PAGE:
"Why did you hit your husband with the skillet?" the judge asked the housewife.
"Because I couldn’t find the rolling pin," she answered.
Since parents can’t legally clobber Rae Waters on the noggin with a blunt object, they have settled on another approach.
Waters is president of the Kyrene Elementary School District Governing Board in Tempe. A grass-roots effort to remove her from the board seems likely to result in a recall election in March.
At the heart of the effort was a decision the board reached four months ago to reduce the amount of instruction time for music, art, foreign language and physical education in favor of a heavier emphasis on reading, writing and math. The change was passed by a 3-2 vote. Waters voted for the change, and art, music and P.E. lovers have been calling for her scalp ever since.
McKell Kenney, a parent in the district and one of the leading proponents of the recall effort, said parents have consistently voiced their objections throughout the process. The opposition to those changes didn’t end with the vote.
Kenney says her group has 7,000 of the 7,200 signatures required to put the recall issue before the voters. The petition deadline is Aug. 30.
Waters, now in the third year of her second four-year term, isn’t surprised.
"That’s what I’ve been hearing all along: ‘We’re going to recall you if you vote for the changes,’ " Waters said.
Kenney said the recall effort is not just a case of sour grapes, even though it’s hard to imagine the group would be pursuing a recall if the vote had gone the other way.
"It’s the process we’re objecting to now," she said. "But the outcome of the vote was affected by the process."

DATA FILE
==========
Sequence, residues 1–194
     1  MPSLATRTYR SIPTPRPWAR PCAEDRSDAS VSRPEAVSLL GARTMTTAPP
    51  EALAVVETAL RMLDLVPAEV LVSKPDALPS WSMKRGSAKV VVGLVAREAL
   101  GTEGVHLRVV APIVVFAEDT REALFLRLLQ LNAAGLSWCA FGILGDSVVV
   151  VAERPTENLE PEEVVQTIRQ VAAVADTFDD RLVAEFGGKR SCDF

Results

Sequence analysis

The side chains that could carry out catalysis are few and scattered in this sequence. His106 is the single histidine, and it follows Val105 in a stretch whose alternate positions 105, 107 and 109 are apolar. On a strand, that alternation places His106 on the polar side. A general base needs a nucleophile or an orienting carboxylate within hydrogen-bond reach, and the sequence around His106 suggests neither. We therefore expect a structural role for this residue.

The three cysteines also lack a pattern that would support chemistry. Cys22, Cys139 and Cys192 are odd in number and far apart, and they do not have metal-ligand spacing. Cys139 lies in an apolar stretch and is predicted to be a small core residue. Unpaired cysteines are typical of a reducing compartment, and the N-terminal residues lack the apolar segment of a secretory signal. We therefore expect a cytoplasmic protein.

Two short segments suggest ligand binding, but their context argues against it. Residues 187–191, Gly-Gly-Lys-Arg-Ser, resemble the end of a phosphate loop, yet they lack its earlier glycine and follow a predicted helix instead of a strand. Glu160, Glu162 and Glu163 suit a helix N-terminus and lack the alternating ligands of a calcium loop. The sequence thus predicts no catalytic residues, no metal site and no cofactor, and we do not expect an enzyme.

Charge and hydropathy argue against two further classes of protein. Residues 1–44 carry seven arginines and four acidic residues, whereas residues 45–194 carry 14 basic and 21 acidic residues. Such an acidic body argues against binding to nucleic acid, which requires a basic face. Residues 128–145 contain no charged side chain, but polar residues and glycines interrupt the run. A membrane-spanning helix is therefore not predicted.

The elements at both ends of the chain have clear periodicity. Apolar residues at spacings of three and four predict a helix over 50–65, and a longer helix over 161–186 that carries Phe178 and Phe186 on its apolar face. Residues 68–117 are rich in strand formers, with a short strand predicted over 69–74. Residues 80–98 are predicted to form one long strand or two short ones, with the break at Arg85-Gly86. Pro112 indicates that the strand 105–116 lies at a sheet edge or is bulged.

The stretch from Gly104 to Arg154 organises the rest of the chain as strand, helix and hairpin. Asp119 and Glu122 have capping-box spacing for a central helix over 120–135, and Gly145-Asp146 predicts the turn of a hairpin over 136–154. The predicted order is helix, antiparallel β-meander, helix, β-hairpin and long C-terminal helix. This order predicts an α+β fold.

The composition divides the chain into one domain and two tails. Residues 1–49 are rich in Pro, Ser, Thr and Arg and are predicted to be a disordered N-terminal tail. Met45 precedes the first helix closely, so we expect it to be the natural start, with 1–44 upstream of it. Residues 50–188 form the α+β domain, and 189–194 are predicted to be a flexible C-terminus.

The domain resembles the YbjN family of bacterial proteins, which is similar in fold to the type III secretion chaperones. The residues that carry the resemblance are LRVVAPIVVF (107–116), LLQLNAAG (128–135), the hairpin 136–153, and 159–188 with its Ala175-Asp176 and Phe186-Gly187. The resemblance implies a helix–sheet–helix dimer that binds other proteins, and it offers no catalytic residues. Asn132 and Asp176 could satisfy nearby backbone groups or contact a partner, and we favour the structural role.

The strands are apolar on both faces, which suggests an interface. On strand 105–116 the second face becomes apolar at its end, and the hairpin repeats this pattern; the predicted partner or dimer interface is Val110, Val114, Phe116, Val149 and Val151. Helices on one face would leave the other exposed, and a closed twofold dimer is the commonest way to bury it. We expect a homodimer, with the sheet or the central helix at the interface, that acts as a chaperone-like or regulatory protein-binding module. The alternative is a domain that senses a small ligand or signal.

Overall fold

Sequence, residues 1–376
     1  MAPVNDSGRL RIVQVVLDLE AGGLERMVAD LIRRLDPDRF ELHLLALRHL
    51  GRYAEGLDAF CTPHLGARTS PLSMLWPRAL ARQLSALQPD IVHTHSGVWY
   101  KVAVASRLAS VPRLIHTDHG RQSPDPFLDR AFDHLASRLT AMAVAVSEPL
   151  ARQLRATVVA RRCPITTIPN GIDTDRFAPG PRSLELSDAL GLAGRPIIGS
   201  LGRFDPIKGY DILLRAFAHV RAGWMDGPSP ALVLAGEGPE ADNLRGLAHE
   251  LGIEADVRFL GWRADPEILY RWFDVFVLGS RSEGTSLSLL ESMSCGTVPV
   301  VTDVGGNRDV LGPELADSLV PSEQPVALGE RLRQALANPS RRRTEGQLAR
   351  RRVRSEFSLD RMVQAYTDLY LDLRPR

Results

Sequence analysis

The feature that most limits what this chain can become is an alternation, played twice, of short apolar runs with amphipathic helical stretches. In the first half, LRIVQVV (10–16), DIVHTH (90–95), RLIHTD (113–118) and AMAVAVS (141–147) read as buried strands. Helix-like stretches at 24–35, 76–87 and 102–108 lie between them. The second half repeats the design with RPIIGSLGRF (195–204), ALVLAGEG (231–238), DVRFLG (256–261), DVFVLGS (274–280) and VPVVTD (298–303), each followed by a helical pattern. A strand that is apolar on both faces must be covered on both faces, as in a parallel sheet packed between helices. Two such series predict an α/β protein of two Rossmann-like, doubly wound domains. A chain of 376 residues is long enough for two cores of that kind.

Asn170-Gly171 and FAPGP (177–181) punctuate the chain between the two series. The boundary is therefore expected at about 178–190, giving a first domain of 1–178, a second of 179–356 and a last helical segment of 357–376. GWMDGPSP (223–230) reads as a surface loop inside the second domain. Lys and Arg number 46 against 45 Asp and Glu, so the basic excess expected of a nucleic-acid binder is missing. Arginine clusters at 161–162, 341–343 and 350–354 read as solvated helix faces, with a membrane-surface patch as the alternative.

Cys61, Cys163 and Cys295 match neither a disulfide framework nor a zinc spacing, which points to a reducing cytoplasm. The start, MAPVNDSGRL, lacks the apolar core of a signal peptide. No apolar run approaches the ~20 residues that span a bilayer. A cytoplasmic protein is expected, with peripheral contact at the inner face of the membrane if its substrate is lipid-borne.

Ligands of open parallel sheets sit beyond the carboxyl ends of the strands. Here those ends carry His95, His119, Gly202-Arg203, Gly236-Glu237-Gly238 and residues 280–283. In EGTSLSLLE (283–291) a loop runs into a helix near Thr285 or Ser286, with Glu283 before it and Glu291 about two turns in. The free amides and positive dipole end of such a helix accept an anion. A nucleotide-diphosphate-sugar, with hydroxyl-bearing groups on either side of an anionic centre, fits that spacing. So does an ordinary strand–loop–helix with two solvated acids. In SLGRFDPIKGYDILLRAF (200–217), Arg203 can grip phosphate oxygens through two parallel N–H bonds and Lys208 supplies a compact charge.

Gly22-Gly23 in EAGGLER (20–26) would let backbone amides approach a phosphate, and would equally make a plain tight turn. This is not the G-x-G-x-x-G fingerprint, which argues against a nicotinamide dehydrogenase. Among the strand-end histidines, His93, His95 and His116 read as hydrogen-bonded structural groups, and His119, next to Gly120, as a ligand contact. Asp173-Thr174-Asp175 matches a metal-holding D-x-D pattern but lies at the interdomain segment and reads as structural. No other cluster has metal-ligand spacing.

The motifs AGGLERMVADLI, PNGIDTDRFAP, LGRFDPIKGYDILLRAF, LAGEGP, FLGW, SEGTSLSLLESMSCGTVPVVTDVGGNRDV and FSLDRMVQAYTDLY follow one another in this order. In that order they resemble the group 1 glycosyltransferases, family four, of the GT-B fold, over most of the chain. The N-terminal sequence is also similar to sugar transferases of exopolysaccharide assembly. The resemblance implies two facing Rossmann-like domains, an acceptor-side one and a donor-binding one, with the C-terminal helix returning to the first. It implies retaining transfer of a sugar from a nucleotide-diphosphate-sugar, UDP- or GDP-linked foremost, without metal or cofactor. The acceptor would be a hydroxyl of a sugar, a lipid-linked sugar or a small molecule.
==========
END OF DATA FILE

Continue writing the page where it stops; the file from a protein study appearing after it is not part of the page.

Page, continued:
Kenney claims that Waters failed in her obligation to parents by being nonresponsive, a claim Waters strongly denies.
Since I don’t have a dog in this fight, it’s hard for me to say who’s in the right here.
On one hand, I agree with Waters when she says the recall might have a chilling effect on board members when they are compelled to make a difficult and, therefore, unpopular decision. It also seems a waste of taxpayer money to have a recall election in March when Waters’ term will end the following November.
On the other hand, I’ve had enough experience with school boards to know that they are often the ultimate insiders, aligned so closely with the district’s power structure that they are often hostile to the wishes of the parents who put them in office.
So in that sense, a recall could be considered a timely reminder to whom school board members are accountable.
Ultimately, parents do hold the hammer.
Or the skillet or rolling pin or recall petition.
That’s not necessarily a bad message to deliver.